Twins infield coach Tony Diaz, who is working with Sano on the transition, has requirements. At the top is making the routine outs, perfecting the basic plays that comes his way. Then there’s timing, getting to the bag at the right moment, or starting a double play. That second part could be intriguing because Sano has a powerful arm that could trigger many 3-6-3 double plays, although he was charged with a throwing error Sunday against Tampa Bay.

Then there are the difference-making plays — such as scooping throws in the dirt, which happen frequently. There’s nothing that makes an infielder more comfortable than knowing his throw can be a little short but the first baseman can still turn into an out.

For example, Oakland’s Matt Chapman won the AL Gold Glove in 2019 at third after committing nine errors all season, but Athletics first baseman Matt Olson is getting credit for scooping several slightly errant throws, saving Chapman from being charged with more errors.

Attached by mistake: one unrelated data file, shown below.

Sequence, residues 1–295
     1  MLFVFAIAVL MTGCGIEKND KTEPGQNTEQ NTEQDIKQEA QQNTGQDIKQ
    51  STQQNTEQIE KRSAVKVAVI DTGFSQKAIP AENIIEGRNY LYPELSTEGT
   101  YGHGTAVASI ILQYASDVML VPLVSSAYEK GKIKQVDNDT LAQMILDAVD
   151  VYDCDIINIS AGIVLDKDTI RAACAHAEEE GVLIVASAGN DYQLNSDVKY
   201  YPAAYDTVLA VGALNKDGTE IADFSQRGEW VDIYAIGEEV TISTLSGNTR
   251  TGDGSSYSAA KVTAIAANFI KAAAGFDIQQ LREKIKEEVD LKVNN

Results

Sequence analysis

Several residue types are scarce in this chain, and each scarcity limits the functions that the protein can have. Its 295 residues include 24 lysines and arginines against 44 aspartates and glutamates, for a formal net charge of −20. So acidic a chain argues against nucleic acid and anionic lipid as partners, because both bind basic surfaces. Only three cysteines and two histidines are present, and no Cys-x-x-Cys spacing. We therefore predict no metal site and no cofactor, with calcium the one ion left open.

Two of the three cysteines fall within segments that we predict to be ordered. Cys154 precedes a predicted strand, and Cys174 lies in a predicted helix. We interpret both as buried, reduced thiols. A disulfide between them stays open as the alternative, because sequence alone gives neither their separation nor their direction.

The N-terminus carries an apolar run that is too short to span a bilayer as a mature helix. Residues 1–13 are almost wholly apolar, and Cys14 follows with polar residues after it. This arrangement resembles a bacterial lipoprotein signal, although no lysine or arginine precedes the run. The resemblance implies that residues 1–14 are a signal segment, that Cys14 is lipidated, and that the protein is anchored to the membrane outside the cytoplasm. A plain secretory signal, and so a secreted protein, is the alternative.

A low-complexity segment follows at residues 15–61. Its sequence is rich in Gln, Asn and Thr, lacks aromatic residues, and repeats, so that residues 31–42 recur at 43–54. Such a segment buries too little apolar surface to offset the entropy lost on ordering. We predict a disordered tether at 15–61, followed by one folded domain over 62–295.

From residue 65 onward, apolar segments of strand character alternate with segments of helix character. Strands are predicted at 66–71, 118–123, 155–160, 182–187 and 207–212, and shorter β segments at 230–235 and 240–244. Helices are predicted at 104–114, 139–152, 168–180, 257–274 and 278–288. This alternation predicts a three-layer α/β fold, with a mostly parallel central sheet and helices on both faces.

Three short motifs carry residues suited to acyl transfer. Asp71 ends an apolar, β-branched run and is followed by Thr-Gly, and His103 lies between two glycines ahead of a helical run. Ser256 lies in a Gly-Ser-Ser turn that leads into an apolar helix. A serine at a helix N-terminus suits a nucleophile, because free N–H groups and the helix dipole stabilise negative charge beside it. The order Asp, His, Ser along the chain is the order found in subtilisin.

So for every strong fielder at second, third and short, there’s a strong first baseman behind them.

“First base is a critical position because you make everyone around you better,” Diaz said. “The fact that you are able to become real good at picking the ball in the dirt or jumping and tagging, the fact that you are able to accomplish that as a first baseman, that enhances everybody else’s confidence in the infield.

“Because now they know they don’t have to be perfect. So that allows them to make better throws because they know this guy’s got you.”

Thanks to the website FanGraphs, scooped throws are tabulated. The Mets’ Pete Alonzo led the majors with 34 scoops last season. The Cubs’ Anthony Rizzo was next with 32. Third with 31? Sano’s predecessor, C.J. Cron, who is now with the Tigers.

Cron’s footwork at first isn’t the best, but he bailed out his teammates time and time again. That is what Sano is facing as a full-time first baseman.

“He’s only played there a couple games,” Twins shortstop Jorge Polanco said. “He can be better, and I think that is what he is working on now. He’s trying to be better.”